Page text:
UN News Service: "The theme of the UN environmental day this year is "Green Cities - Plan for the Planet," The UN High Commissioner for Refugees has adapted it to: "Green your Camps - Improve Natural Resource Management and Plan for the Planet." The Day was celebrated yesterday, 5 June, in San Francisco, California and around the world."
"An atlas of environmental change compiled by the United Nations reveals some of the dramatic transformations that are occurring to our planet.It compares and contrasts satellite images taken over the past few decades with contemporary ones. These highlight in vivid detail the striking make-over wrought in some corners of the Earth by deforestation, urbanisation and climate change.The atlas has been released to mark World Environment Day. The United Nations Environmental Programme (Unep) produced One Planet Many People: Atlas of our Changing Environment in collaboration with other agencies such as the US Geological Survey and the US space agency (Nasa)." Read full article
"Iraq's environmental problems - among the world's worst - range from a looted nuclear site which needs cleaning up to sabotaged oil pipelines, a U.N. official said on Thursday."An improvement is almost impossible in these security conditions. Chemicals are seeping into groundwater and the situation is becoming worse and creating additional health problems," said Pekka Haavisto, Iraq task force chairman at the United Nations Environmental Programme." Full Story
"Fifteen years after the former Iraqi government used old blueprints dating from the British Empire to drain a vast wetland, the area is slowly creeping back to life.For millennia, the Mesopotamian Marshlands were an isolated and swampy oasis in the desert, covering more than 20,000 square km of interconnected lakes, mudflats and bayous. Some believe it is where the biblical Eden was located.The U.N. Environment Programme (UNEP), which first alerted the world via satellite images that the marshes were vanishing, is playing an active role in capacity-building and promoting sustainable development in the area.The agency created the Marshland Information Network, comprising the Marshland Arabs Forum, various government ministries and the U.S.-based Iraq Foundation, which runs the Eden Again Project."We're targeting smaller communities with projects for drinking water, sanitation and water quality management," said Chizuru Aoki of UNEP. "The goal is to support environmentally sustainable technologies." Read more...For background on this story read The Demise of Mesopotamian Marshlands, UN Chronicle 2002
From UN News Service: "As part of a United Nations-backed effort to rid the planet of some of the worst pollutants tied to cancer, birth defects and immune system damage, 800 government officials and observers from 130 countries will gather next week in Uruguay for the first meeting of a treaty banning the world's most dangerous pesticides and chemicals."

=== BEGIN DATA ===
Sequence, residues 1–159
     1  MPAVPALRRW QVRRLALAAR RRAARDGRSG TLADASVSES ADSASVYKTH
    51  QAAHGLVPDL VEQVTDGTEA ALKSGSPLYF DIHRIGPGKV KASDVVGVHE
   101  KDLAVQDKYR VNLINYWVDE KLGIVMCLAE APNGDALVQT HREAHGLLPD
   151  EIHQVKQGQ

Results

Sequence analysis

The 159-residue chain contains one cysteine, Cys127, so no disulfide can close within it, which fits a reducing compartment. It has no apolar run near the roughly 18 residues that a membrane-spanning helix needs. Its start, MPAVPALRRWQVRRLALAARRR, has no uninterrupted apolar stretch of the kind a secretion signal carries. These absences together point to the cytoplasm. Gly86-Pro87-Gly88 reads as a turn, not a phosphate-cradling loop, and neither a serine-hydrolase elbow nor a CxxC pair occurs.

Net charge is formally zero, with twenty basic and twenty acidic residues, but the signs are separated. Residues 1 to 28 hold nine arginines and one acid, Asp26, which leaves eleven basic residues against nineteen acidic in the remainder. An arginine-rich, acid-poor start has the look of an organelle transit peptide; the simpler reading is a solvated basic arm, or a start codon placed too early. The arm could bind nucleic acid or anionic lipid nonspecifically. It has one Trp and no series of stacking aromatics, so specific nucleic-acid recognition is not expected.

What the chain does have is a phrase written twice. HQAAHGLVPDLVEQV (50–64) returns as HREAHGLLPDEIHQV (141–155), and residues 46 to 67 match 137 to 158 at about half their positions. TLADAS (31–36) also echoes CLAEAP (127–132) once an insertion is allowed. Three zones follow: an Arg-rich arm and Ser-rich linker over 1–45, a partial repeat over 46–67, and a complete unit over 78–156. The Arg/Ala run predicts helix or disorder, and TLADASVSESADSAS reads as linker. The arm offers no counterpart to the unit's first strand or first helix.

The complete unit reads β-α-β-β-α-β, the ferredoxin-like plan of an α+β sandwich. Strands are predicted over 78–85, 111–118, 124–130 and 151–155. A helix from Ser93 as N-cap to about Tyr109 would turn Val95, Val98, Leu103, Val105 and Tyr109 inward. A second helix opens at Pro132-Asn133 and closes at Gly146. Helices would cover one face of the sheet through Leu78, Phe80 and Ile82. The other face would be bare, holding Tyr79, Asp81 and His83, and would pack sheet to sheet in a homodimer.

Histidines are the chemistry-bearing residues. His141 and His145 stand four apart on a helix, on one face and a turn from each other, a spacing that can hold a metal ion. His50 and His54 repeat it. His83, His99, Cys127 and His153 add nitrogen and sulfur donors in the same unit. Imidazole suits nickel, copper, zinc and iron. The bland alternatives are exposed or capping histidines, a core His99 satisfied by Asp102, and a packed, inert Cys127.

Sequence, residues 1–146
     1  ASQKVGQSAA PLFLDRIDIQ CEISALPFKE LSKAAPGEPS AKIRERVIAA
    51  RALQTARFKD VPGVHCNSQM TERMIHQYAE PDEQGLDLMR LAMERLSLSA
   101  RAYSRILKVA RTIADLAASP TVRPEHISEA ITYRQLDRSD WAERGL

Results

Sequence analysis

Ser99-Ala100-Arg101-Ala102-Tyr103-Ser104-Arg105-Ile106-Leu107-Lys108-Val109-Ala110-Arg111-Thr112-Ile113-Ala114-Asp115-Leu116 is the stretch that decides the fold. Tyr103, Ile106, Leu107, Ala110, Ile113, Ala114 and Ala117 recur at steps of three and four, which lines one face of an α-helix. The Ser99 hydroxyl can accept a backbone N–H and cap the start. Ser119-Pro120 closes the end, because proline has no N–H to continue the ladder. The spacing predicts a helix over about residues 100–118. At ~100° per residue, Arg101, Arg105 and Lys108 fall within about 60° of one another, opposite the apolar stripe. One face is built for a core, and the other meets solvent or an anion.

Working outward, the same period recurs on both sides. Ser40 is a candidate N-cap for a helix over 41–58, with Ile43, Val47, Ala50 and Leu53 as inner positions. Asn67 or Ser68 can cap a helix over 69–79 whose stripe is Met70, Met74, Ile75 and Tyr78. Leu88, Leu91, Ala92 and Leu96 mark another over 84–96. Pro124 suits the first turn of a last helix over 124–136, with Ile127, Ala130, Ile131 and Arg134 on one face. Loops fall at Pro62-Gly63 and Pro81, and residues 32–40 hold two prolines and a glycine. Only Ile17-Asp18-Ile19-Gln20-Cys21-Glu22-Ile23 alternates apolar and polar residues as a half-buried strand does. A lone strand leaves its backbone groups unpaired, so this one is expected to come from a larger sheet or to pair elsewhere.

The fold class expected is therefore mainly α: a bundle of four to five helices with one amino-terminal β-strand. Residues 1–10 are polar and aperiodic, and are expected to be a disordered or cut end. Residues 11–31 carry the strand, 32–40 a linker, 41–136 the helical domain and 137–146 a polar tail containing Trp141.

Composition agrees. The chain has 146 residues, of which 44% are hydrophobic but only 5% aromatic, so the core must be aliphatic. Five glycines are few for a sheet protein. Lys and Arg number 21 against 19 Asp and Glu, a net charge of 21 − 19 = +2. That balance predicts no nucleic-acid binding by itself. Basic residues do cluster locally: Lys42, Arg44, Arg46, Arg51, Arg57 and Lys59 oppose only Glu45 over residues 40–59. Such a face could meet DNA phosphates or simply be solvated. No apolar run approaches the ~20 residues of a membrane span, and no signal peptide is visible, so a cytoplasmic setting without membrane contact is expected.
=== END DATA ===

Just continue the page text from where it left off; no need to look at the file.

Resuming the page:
"[T]he need to protect the environment does not begin or end in the great outdoors. The ecology of urban areas is becoming an increasing concern of the environmental movement, as underscored by its focus in an upcoming five- day United Nations conference on "green cities." The conference is attracting mayors from around the globe to try to bring attention -- and possibly some international accords -- on city-environment issues such as urban design, transportation, energy, open space, recycling, health and water." Full Editorial
"A high-level U.N. meeting is trying to tackle what a senior U.N. official called the world's "silent humanitarian crisis" - dirty water, poor sanitation and slums.Jose Antonio Ocampo, undersecretary-general for economic and social affairs, told the 53-member Commission on Sustainable Development at the opening of a two-week meeting on Monday that providing safe drinking water and basic sanitation to the world's slum dwellers is an achievable goal." Read More(Via UN Wire)
"Changes to the environment that are sweeping the planet are bringing about a rise in infectious diseases, the United Nations Environment Programme (Unep) has warned. Loss of forests; the building of roads and dams; urban growth; the clearing of natural habitats for agriculture; mining; and pollution of coastal waters are promoting conditions under which new and old pathogens can thrive, according to research published today in Unep's Global Environment Outlook Year Book for 2004/2005." More...